18. Seems like people are forgetting something rather important, if you bought the wine based on the score, (and this is where I point out the whole number system for scoring wines is retarded) and you liked it….does it freaking matter if the writer had it over a paid for dinner?! Is not the bottom line what is in the bottle? If the reviews are BS then stop reading…funny thing is I am not a Parker fan, not the man but his palate and I was leaving this same comment when people posted about his cracking on us bloggers. I doubt any of us, critics, bloggers, buyers are going to give a fantastic review to a shit wine no matter how, where or with whom we tasted it….if someone does then they will lose their readers pretty damn quick, problem solved.

  19. I have posted this before, and will do so again. Full Disclosure. That is how they do it in the medical world, and i cannot see why it couldn’t be done in the wine rating world. In medicine, if you write a paper, or if you give a speech, good, accredited mags or organizations require that you first state your affiliations ( or not) with the drug you are reviewing or the paper you have written. That way, everybody knows up front, all readers or listeners are “fully informed”, and everybody is happy. Full disclosure…it would work in the wine biz, too.

  20. I’m with Amy.

    The fact that these were received is not the issue, but that they run counter to the WA’s stern stance and primary selling point (their independence more than their palate).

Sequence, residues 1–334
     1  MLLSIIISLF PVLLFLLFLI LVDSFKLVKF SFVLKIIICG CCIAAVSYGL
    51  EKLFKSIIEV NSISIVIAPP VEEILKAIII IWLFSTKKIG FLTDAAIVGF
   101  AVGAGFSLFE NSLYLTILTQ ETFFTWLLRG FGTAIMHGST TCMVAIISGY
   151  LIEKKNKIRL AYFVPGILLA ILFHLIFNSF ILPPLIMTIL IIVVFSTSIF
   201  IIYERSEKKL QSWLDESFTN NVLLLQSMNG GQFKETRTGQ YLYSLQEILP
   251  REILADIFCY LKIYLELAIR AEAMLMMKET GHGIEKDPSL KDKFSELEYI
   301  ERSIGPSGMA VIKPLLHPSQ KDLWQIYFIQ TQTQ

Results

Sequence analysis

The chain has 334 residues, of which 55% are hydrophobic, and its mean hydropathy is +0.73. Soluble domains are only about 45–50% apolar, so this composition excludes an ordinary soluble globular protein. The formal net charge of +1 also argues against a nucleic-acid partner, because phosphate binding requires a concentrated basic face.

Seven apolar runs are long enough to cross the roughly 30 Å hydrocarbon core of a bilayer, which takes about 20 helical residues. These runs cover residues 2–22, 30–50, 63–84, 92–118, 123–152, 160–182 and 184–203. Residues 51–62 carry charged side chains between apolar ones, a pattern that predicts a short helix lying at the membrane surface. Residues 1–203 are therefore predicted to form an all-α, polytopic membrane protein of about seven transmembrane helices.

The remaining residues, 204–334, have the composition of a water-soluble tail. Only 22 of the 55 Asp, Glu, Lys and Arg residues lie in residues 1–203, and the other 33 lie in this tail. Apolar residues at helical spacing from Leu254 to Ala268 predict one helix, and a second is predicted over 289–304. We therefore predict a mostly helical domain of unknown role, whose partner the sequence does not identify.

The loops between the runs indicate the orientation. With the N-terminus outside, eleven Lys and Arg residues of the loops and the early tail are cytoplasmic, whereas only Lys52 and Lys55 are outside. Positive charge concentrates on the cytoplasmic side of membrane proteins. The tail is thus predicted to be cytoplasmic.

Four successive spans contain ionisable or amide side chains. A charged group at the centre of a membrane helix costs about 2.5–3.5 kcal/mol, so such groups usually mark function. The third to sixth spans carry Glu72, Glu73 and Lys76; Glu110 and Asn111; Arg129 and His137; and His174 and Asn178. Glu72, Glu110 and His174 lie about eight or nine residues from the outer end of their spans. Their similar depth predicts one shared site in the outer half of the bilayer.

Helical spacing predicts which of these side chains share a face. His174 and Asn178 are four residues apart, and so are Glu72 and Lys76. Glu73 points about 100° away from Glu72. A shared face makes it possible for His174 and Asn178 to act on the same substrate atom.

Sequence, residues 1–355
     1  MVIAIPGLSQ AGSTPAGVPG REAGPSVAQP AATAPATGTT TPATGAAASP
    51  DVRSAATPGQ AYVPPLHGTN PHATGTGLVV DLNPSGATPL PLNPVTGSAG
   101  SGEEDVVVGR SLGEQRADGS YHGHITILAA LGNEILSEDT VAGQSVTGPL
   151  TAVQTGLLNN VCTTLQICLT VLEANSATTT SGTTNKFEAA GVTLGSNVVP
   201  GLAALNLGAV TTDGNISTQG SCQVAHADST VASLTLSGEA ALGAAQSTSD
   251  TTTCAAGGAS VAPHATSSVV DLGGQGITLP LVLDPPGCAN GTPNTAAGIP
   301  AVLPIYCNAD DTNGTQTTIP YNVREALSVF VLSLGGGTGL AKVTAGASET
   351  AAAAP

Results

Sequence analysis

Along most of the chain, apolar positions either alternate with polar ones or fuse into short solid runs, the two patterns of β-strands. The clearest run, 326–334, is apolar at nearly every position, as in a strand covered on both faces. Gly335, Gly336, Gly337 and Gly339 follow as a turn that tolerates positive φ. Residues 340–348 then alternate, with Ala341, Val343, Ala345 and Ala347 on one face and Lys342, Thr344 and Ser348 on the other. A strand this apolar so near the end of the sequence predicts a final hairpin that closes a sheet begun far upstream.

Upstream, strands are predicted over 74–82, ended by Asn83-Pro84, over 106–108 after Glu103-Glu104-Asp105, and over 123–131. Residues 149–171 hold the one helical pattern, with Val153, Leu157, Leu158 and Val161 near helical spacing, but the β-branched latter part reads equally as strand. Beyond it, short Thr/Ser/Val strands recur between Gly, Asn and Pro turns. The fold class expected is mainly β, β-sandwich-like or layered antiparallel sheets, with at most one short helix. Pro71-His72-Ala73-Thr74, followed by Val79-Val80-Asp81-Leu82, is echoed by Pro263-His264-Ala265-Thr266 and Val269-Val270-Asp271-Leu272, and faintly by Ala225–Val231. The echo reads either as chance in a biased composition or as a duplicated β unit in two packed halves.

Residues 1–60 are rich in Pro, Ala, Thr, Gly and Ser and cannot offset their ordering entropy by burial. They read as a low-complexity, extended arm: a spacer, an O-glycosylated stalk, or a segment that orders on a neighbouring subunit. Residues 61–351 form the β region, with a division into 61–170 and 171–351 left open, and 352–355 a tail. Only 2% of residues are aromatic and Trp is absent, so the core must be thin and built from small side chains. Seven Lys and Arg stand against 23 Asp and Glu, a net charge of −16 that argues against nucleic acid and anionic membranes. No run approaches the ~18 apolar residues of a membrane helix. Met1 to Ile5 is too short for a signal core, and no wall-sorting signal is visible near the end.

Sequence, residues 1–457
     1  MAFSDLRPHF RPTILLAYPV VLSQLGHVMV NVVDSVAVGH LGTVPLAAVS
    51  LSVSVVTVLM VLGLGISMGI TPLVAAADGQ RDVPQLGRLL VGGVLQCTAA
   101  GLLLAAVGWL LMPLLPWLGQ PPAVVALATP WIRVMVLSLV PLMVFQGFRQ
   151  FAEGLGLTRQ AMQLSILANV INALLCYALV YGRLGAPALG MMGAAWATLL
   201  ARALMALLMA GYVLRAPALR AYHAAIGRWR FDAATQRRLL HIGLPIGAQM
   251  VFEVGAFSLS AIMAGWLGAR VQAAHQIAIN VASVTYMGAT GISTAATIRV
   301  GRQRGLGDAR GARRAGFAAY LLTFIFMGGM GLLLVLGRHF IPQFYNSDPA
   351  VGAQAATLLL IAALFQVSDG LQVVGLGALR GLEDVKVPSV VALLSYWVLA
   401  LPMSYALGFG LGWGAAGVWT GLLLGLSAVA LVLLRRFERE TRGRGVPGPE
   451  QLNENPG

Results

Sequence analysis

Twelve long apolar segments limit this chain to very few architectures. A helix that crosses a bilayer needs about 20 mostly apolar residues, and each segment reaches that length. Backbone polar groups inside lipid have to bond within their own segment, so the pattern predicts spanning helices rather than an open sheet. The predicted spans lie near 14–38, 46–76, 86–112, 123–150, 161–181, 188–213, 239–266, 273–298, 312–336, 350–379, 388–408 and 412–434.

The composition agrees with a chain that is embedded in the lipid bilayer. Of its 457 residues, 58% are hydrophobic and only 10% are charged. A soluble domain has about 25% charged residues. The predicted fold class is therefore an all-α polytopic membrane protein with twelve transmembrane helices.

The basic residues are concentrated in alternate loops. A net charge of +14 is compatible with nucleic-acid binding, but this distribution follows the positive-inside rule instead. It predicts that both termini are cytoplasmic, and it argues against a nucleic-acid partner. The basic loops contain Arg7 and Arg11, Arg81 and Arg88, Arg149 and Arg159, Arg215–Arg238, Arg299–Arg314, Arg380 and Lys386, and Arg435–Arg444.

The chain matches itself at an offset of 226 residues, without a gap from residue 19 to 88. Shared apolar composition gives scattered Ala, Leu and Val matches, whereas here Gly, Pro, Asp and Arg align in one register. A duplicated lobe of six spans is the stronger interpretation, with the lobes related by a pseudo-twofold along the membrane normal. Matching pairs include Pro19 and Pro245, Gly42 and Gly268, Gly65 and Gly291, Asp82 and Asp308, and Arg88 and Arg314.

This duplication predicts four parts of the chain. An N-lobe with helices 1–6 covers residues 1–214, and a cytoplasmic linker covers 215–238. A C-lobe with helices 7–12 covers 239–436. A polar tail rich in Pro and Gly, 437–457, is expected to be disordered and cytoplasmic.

This is very much like when a preacher gets busted for being a sinner…

    A winemaker bought me a $9 sandwich (w/ fries) last week. His scores went up 2pts because they fry them ‘taters in duck fat! ; )

  21. Michelle, I can only respond that I could not do my job without some assistance from wineries. You either trust me or you don’t.

  22. Ken,

    Allow me to point you toward my blog as you raise a number of issues that are best answered there.

    BTW, your blog is quite a resource for me. You post on the wine brick from last year has allowed me to finally track down an extant copy of a piece of my family’s past that I thought was lost. Many thanks for that!

  23. But Steve, re: your remark to Michelle, why put the burden of teasing out credibility on your readers? Is there nothing, no positive steps toward disclosure, you might embrace to enhance transparency? I don’t think the ‘you’re either with me or against me’ model is productive in the long run. Not even RP believes that, hence his (parsed) mea culpa.

    The bottom line is that, even here, you are intimating there are more sophisticated truths behind the curtain that the uninitiated are in no position to appreciate.

    I used to work for Bill Graham years ago. The sheer tonnage of drugs, women, fast cars, not to mention the threats given to get some of the most celebrated acts to go onstage, is the great unwritten history of rock. And so is such a history unwritten here, in the otherwise decorous, polite wine world, that of wineries and their critics.

    Take us backstage, Steve…

  24. Josh, you are very welcome! I had a ball tracking down that wine brick. To this day my pic, via the good offices of the Ontario Museum, remains the only one on the net. Thank for the notice. You made my day!

  25. Ken: Happy to take you backstage if you’d let me know what you want to know. My Social Security number? Password to my online checking account? I don’t think so. Ask, and if it’s relevant, you shall receive.